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The Perlan 2 glider caught a strato­spheric moun­tain wave in early Septem­ber over El Calafate, Ar­gentina.

Perlan 2 caught a strato­spheric moun­tain wave in early Septem­ber in El Calafate, Ar­gentina, that brought the sailplane to unimag­in­able heights. Air­bus Perlan Mission 2 chief pi­lot Jim Payne and pi­lot Tim Gard­ner broke the glider al­ti­tude record when they soared all the way to 76,124 feet, where they could clearly see the dark­ness of space and the cur­va­ture of Earth’s sur­face.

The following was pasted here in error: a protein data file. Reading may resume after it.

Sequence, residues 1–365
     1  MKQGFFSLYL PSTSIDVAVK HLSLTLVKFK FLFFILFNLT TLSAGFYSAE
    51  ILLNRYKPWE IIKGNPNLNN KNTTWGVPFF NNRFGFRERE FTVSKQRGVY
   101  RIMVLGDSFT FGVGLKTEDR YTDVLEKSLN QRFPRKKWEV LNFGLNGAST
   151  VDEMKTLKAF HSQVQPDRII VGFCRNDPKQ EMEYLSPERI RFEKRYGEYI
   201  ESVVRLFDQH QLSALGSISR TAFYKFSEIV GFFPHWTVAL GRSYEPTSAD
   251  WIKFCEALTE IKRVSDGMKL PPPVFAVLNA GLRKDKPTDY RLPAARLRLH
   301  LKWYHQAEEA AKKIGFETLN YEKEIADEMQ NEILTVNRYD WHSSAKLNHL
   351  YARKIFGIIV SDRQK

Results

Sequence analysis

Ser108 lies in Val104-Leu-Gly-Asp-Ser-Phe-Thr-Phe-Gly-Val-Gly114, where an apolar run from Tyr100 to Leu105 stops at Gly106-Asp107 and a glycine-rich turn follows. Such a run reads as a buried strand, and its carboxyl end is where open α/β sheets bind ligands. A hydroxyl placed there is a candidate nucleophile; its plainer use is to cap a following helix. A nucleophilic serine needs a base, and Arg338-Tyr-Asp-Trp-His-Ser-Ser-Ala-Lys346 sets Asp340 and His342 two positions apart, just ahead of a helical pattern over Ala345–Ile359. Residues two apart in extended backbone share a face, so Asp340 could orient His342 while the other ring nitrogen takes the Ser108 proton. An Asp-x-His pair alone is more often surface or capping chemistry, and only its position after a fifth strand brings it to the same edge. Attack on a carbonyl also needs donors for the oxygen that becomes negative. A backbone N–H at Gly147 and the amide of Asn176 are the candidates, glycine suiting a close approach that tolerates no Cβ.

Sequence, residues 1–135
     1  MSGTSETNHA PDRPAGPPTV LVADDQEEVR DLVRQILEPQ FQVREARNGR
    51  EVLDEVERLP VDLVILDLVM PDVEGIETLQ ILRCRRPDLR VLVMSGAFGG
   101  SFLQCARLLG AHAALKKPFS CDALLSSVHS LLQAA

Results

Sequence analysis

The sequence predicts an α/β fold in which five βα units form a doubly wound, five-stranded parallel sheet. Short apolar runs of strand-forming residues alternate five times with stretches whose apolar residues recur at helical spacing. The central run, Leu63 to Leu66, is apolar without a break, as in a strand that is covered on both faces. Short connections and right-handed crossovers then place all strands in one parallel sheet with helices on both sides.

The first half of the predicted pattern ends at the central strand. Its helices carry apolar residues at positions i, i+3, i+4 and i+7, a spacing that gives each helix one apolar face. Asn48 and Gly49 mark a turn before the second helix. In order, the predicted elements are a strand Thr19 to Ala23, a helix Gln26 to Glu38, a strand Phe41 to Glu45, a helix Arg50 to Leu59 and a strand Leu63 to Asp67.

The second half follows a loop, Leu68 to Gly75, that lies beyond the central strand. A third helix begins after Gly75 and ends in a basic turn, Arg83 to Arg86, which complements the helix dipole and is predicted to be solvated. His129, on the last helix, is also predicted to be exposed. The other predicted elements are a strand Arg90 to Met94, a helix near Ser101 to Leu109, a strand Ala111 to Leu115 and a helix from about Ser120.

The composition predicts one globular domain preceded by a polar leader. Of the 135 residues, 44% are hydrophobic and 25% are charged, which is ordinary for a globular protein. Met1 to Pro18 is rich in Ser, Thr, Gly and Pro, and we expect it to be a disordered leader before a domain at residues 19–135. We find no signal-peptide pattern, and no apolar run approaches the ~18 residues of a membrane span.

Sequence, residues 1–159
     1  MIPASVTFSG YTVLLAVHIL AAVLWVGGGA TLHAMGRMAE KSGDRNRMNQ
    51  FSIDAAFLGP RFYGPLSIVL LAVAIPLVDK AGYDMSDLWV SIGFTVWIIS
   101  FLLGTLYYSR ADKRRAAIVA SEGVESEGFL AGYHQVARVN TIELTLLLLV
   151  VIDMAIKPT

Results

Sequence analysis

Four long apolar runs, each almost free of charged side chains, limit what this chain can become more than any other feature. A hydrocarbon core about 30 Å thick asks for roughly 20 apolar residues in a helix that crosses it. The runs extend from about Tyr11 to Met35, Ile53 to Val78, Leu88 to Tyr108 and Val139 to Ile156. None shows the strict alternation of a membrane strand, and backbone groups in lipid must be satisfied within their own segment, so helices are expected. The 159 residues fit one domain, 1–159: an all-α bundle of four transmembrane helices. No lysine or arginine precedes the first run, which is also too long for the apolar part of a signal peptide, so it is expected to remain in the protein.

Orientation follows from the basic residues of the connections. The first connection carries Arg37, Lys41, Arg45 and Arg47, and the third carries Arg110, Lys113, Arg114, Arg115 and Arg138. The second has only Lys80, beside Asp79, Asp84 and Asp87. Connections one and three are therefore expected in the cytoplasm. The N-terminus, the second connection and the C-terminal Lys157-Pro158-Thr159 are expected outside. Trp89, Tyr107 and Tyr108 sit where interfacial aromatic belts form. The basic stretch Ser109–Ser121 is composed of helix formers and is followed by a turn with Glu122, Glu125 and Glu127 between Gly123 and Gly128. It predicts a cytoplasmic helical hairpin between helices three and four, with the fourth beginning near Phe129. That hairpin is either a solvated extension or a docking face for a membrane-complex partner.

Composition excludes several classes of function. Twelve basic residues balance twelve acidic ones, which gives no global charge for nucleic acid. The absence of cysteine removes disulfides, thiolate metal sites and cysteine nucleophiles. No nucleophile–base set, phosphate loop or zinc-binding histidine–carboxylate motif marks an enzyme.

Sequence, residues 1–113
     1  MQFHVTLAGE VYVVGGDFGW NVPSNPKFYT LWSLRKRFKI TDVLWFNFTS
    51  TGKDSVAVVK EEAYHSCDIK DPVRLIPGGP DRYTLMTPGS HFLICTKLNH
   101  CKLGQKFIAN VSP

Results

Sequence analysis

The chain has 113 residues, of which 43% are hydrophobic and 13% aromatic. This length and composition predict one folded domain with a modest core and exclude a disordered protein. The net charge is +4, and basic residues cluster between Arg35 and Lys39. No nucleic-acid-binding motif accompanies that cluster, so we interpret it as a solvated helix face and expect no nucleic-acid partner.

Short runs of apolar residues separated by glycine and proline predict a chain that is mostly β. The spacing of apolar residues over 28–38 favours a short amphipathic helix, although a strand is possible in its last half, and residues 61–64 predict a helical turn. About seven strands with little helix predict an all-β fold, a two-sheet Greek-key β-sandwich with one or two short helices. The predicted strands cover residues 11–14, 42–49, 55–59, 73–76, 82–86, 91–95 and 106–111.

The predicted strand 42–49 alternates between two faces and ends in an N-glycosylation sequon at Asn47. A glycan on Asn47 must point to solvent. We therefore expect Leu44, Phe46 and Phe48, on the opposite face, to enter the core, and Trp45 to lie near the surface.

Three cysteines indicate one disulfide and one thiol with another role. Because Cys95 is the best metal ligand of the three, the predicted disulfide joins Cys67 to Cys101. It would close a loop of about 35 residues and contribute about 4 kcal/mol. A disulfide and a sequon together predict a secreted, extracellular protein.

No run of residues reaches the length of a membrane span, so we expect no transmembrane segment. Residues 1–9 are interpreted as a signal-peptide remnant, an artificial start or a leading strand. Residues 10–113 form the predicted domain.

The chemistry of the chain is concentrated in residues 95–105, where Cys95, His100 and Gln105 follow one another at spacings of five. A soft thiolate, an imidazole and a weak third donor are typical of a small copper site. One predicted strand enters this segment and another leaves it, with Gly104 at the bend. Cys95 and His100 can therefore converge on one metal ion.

The idea of bring­ing glid­ers to the edge of space by catch­ing strato­spheric moun­tain waves was con­ceived in the early 1990s by NASA re­search pi­lot and U.S. Air Force fighter and test pi­lot Ei­nar Enevold­son, who is still in­volved with the Perlan project. Enevold­son flew the first Perlan ver­sion with record-set­ter Steve Fos­sett above 50,000 feet in 2006, break­ing the record for sailplanes at that time.

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